Of course, evangelicals are a lot less common in New Hampshire than in Iowa, so it's not a surprise that Cruz is doing worse there. But Cruz has two advantages that should allow him to do significantly better in later states than Santorum and Huckabee did.
While Cruz has worked hard to win evangelical votes, his campaign — and his political persona more broadly — has been much less focused on social issues than the Huckabee and Santorum campaigns were. Not only did Huckabee and Santorum both focus heavily on same-sex marriage and abortion, they also eschewed some aspects of conservative orthodoxy on economic issues, campaigning instead as more populist "Sam's Club Republicans."
Huckabee "is not a conservative who is an evangelical, he's an evangelical populist," said David Keene, an influential conservative activist, in 2007. "It's not the evangelical part that conservatives worry about. It's the populism. It's his economic views."
Huckabee and Santorum weren't exactly left-wing on economic issues, but they were less enthusiastic about deregulation and tax cuts than most other Republicans. That made it harder for either to attract the support of wealthy businessmen or libertarian-minded voters, both important parts of the Republican coalition.
By contrast, Cruz has hewed closely to conservative orthodoxy on a wide range of issues. Prior to the 2016 campaign, he was best known for his opposition to illegal immigration and Obamacare, neither of which is a pet issue of evangelicals. That means Cruz has a better chance of appealing to the various factions that make up the Republican Party: social conservatives, free market and business groups, anti-immigration activists, foreign policy hawks, and so forth.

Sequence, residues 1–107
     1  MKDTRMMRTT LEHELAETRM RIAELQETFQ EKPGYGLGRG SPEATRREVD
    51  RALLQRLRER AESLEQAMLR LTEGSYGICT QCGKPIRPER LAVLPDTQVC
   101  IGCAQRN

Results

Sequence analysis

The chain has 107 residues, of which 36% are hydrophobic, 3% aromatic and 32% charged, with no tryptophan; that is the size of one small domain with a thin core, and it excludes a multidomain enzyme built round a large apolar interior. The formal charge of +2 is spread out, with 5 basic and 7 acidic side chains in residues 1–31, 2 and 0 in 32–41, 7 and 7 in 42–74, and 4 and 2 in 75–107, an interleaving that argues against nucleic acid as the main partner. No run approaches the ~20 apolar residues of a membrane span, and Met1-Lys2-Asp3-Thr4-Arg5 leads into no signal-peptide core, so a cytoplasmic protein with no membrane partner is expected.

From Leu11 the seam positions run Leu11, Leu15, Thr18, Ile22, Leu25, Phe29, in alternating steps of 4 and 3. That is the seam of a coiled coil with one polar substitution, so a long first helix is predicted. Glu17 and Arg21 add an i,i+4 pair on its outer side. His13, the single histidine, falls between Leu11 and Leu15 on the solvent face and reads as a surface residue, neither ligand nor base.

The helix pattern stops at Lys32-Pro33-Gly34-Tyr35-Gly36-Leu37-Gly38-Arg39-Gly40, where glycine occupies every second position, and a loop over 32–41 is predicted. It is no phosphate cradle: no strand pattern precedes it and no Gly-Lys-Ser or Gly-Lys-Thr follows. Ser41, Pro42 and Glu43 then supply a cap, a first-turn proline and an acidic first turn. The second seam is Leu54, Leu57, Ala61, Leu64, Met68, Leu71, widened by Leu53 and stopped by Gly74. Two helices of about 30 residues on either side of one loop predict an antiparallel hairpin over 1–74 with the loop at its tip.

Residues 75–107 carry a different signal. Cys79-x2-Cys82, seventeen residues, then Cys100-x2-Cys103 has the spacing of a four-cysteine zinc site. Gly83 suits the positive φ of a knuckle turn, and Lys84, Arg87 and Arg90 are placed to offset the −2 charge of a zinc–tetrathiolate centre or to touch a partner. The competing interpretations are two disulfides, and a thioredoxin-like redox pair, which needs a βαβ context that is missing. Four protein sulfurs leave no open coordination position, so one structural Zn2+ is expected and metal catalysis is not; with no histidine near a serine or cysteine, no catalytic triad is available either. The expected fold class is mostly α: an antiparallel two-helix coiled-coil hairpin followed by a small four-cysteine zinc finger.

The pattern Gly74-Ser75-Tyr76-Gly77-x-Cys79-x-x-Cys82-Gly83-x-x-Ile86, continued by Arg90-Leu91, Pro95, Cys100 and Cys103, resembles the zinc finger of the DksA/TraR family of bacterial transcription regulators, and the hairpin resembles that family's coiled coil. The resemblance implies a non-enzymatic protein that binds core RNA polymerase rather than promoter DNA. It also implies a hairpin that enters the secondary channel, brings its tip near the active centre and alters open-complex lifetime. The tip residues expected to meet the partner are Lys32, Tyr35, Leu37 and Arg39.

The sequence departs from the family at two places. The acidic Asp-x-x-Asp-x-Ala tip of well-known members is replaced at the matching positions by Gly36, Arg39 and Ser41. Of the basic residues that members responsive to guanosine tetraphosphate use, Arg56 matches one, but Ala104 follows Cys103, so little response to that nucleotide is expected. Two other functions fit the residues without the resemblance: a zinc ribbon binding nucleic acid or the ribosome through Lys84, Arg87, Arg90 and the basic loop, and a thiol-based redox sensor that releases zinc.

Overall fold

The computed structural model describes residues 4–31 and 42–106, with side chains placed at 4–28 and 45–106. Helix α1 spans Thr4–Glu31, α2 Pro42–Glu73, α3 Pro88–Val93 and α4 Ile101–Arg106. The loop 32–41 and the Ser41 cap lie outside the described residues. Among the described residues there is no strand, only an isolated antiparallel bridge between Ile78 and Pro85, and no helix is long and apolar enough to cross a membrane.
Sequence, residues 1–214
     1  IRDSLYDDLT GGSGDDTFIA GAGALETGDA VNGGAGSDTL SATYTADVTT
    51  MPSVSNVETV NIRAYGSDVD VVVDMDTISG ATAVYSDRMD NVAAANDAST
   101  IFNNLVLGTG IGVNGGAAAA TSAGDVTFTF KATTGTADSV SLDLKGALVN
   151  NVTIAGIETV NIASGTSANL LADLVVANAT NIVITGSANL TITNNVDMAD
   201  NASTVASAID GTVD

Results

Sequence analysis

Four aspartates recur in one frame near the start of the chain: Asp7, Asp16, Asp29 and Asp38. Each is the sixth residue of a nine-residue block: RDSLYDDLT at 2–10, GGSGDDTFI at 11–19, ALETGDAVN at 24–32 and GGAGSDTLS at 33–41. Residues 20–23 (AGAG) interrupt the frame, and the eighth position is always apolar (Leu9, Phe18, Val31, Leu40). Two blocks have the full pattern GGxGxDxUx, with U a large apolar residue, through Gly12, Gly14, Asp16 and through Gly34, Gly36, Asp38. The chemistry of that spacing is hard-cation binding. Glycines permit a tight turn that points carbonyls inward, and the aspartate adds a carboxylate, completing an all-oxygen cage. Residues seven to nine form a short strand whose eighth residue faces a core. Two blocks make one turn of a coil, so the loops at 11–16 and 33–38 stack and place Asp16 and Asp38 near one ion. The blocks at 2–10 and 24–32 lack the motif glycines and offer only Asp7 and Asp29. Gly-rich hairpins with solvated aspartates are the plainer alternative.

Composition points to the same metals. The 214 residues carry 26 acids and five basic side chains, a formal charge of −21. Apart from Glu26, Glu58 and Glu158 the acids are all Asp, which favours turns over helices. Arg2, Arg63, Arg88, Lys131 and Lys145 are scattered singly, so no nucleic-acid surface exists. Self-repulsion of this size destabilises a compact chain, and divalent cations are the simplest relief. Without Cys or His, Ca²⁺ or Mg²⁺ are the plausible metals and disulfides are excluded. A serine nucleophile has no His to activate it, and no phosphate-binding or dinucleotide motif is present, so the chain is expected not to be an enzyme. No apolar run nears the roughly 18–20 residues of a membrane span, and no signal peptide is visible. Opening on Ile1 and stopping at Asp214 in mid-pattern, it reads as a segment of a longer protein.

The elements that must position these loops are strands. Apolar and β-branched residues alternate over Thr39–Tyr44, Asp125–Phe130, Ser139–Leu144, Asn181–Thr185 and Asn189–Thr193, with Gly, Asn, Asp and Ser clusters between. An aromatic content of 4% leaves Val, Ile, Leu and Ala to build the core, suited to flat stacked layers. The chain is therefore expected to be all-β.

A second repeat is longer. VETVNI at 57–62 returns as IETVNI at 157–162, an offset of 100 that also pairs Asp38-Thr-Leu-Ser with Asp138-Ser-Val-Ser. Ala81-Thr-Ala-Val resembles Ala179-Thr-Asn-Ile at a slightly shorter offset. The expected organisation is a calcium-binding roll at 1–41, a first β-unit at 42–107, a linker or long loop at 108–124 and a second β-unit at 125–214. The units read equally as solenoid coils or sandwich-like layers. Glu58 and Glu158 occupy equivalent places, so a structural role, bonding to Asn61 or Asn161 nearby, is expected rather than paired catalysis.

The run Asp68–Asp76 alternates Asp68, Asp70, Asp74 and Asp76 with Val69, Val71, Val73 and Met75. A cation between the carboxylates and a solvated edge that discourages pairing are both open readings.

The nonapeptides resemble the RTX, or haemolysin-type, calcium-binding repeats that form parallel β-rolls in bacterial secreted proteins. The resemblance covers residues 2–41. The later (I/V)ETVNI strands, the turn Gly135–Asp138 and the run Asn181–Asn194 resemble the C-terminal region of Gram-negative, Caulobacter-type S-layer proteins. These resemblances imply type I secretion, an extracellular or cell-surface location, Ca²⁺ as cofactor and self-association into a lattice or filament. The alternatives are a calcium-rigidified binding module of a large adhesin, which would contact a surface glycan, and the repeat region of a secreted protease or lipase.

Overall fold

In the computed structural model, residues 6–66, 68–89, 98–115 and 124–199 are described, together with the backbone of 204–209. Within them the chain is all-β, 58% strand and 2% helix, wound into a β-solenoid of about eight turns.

Ted Cruz has plenty of money
The other big difference between Cruz and previous Iowa winners is money.
In 2007, Mike Huckabee raised just $9 million, far behind John McCain with $37 million and Mitt Romney with $53 million. Rick Santorum was even weaker, raising only about $2.2 million in 2011 before losing to Mitt Romney, who raised $56 million. (Both Huckabee and Santorum raised more money after winning Iowa in 2008 and 2012, respectively, but that didn't leave them much time to build a nationwide campaign organization.)
By contrast, Cruz has been a star fundraiser. According to a New York Times tally, the Cruz campaign has raised $47 million, putting him second only to Ben Carson among Republicans (Jeb Bush raised a lot of money for his Super PAC before launching his campaign). And Cruz raised most of those funds in 2015, giving him time to build infrastructure across the country.
Donald Trump is vulnerable
So far I've barely mentioned Donald Trump, who is currently leading in the polls both nationally and in New Hampshire. Trump's candidacy is so unusual that it would be foolish to confidently predict an outcome. But there are a couple of reasons to think Trump is vulnerable.
One is that Trump is far less organized than Cruz and other leading candidates. That helps to explain his underperformance in Iowa and suggests he will probably underperform the polls in future states as well.
Second, Trump may have a harder cap on his support than other candidates. Normally, primary voters fall in line behind a winner in the interest of party unity. But there's ample evidence that Trump wasn't a conservative until he started thinking about running for president in 2011.
So while Trump may be able to persuade 25 or 30 percent of the vote, that might still leave room for another candidate to rally a majority of the party against him. And as one of the best-funded and most consistently conservative candidates in the race, Cruz has as good a chance of becoming the Trump alternative as anyone.